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National calamity

By Nickunj Malik - Apr 18,2018 - Last updated at Apr 18,2018

When one resided in a foreign country, one was compelled to watch the news channels more often. Personally, I followed all the broadcasts on Jordan, Bahrain, South Africa, Dubai, Abu Dhabi and Tanzania with great interest as I had lived there, at different stages of my life. However, the international bulletins about India always held my immediate attention, because they gave me a peek into what was happening in my home country, behind my back, so to speak. 

Ordinarily, the newsflash was predictable and covered the various political shenanigans of our elected representatives but recently, a crime of such horrific proportions was reported, that it made me sick to my stomach. An eight-year-old girl, who belonged to a nomadic gypsy tribe was abducted, drugged and gang-raped for three days in northern India. She was eventually murdered and her little body thrown into a forest from where it was recovered a week later. A picture of the child victim — staring with large innocent eyes, in purple flowery clothing — accompanied the report. 

The most heartbreaking aspect of this incident was that the discussions and debates relating to it were getting clouded under religious discrimination and political affiliation. What seemed like another isolated and horrific episode of sexual violence by brutal men had become a battleground for religious wars. How did it matter which faith the victim or the criminals belonged to? Why was the party in power, or its opposition, concerned with that? A heinous act was a heinous act, period. It should have been condemned forcefully and the perpetrators awarded the most stringent punishment possible. The common people understood that and their outrage compelled thousands of them to participate in protest marches across the country. 

But what was the use of protesting? Despite India amending its laws in 2013 (after a 23-year-old physiotherapy student was gang-raped on a bus in Delhi), by imposing harsher punishments on rapists and reclassifying offences like stalking and acid attacks as criminality, there were still glaring gaps in the enforcement of these policies and cases were frequently handled inappropriately.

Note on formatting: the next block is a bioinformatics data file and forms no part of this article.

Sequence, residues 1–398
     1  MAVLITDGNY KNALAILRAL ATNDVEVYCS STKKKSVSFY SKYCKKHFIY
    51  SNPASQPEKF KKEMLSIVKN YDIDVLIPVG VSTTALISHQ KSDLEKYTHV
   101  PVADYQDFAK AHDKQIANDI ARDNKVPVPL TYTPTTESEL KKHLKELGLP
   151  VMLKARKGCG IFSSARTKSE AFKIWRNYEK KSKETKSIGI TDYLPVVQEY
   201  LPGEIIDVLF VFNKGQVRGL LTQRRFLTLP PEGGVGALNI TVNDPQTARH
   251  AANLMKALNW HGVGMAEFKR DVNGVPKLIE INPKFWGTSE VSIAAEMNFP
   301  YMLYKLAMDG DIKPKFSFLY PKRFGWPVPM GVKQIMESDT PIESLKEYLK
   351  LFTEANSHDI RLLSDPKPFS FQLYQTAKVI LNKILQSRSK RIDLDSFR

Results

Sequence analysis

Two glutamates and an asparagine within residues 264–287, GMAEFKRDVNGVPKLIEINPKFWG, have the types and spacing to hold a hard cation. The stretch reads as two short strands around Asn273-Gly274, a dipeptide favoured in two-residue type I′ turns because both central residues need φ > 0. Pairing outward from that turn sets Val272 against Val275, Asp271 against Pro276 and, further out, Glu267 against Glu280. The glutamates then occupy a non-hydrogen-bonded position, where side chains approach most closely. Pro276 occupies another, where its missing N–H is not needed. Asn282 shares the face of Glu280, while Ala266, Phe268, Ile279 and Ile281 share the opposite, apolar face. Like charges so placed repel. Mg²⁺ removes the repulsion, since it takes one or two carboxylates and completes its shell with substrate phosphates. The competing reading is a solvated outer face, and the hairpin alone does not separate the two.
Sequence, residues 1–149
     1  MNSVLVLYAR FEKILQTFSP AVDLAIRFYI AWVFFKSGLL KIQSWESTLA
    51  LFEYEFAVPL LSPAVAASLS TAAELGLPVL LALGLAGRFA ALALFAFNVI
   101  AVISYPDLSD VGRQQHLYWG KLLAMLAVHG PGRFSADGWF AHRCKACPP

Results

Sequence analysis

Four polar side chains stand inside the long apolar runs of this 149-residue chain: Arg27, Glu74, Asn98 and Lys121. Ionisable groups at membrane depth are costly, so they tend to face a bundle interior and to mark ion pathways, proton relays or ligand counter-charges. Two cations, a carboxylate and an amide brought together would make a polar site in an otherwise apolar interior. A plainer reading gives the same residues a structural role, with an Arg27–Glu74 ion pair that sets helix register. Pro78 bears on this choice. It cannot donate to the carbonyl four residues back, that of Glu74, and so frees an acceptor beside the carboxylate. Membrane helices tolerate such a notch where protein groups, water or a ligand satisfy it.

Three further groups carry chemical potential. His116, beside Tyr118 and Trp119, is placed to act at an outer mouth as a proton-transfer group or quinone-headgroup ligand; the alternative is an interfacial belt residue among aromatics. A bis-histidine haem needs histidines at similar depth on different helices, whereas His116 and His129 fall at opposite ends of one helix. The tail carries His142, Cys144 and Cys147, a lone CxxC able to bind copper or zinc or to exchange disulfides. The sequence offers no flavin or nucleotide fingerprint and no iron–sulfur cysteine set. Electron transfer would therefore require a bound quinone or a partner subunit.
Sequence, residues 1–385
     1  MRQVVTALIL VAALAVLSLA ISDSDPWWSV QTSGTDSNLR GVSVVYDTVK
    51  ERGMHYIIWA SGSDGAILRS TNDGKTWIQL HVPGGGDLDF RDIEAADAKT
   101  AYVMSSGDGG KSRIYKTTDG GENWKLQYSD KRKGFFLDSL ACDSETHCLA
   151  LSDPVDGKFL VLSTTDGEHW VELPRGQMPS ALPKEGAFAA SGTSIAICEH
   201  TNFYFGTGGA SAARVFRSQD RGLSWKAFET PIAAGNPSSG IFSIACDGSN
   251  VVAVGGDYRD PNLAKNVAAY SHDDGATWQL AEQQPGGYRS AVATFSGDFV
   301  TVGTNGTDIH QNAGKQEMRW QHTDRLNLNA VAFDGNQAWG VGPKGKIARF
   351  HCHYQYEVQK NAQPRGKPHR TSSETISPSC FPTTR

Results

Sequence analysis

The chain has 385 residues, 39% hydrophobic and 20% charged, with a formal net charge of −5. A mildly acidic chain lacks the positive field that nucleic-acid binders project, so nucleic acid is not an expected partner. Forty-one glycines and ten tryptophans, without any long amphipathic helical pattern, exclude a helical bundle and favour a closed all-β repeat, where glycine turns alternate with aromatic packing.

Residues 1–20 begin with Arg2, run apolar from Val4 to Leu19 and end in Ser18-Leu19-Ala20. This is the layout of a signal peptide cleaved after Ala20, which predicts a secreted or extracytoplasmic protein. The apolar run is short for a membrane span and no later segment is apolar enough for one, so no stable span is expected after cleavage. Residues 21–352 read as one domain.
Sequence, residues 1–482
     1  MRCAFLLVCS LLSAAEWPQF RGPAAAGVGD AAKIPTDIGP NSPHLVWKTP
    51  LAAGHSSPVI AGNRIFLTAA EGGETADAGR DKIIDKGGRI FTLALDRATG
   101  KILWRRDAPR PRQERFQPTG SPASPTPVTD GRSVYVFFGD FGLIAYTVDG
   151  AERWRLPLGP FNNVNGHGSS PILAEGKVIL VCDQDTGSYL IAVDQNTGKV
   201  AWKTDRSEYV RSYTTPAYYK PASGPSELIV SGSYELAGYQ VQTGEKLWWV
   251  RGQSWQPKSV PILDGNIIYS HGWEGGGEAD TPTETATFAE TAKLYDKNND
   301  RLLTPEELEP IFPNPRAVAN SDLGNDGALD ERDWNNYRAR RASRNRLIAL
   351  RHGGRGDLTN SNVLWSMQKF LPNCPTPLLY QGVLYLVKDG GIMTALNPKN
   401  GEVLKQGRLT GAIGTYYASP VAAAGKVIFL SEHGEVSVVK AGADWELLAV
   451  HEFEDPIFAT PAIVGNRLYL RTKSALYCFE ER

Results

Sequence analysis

Also, why hold these massive rallies when there was absolutely no effort to change the mindset of men, who still thought that women dressed in Western clothes invited attacks on themselves?

In such a scenario, aggressors would continue to be aggressive, regardless of whether women wore thin revealing dresses or bulky purple outfits, like the one worn by the eight-year-old child victim. The fact that we, as a society, failed to protect our defenceless and vulnerable youngsters from unspeakable atrocities, should make us hang our heads in shame.

My mother, who was otherwise a very law abiding citizen, would get visibly incensed when she learnt about any rape case, particularly if it involved a minor. She passionately advocated the death penalty for the rapist because she believed that such monsters never got reformed and if they were let off, even after a long imprisonment, they simply repeated the crime.

“Imagine a worst case scenario,” she would instruct us around the dining table. 

“Supposing your leg became gangrenous,” she said. 

“What would you do?” she asked. 

“Go to a doctor,” I guessed. 

“What would he do?” she questioned. 

“Surgery?” my younger brother suggested. 

“He would amputate it,” she stated. 

“Which means sever it,” my older brother clarified.

“Rapists are like gangrene,” she emphasised. 

“What should be done after arresting them?” she quizzed.

We waited for her to reply. 

“Lynch them,” she commanded.

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Comments

A topical comment on a social disaster. The phrase Hanging the head in shame comes nowhere near to what one feels on hearing of such,since it cannot be brutal, human depravity. If this is progress, such are the fruits of modernity, I would rather go back to the jungles, or what remains of them.

The glaring question is what do we do, apart from venting our anger on convenient social media!Hats off to the old lady for the answer. That is the kind of readiness to die for the privilege to live that defined people of her times, which probably insulated society from falling to such depths.

A despicable act to be condoned far and wide. Horrendous crimes against little kids deserve the harshest convictions. My humble prayer for the tender soul to rest peacefully in heaven

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